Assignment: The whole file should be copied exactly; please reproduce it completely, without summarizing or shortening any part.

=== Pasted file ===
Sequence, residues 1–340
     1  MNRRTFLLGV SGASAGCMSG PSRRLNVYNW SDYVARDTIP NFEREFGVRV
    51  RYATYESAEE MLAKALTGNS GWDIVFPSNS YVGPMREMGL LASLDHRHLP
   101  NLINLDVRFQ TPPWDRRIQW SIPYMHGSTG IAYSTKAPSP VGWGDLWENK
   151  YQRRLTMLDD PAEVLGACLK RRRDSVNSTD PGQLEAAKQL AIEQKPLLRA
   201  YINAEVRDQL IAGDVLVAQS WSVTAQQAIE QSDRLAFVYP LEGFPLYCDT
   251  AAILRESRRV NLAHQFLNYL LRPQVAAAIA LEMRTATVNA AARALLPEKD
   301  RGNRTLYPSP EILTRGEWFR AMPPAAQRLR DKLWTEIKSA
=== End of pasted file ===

Sequence, residues 1–340
     1  MNRRTFLLGV SGASAGCMSG PSRRLNVYNW SDYVARDTIP NFEREFGVRV
    51  RYATYESAEE MLAKALTGNS GWDIVFPSNS YVGPMREMGL LASLDHRHLP
   101  NLINLDVRFQ TPPWDRRIQW SIPYMHGSTG IAYSTKAPSP VGWGDLWENK
   151  YQRRLTMLDD PAEVLGACLK RRRDSVNSTD PGQLEAAKQL AIEQKPLLRA
   201  YINAEVRDQL IAGDVLVAQS WSVTAQQAIE QSDRLAFVYP LEGFPLYCDT
   251  AAILRESRRV NLAHQFLNYL LRPQVAAAIA LEMRTATVNA AARALLPEKD
   301  RGNRTLYPSP EILTRGEWFR AMPPAAQRLR DKLWTEIKSA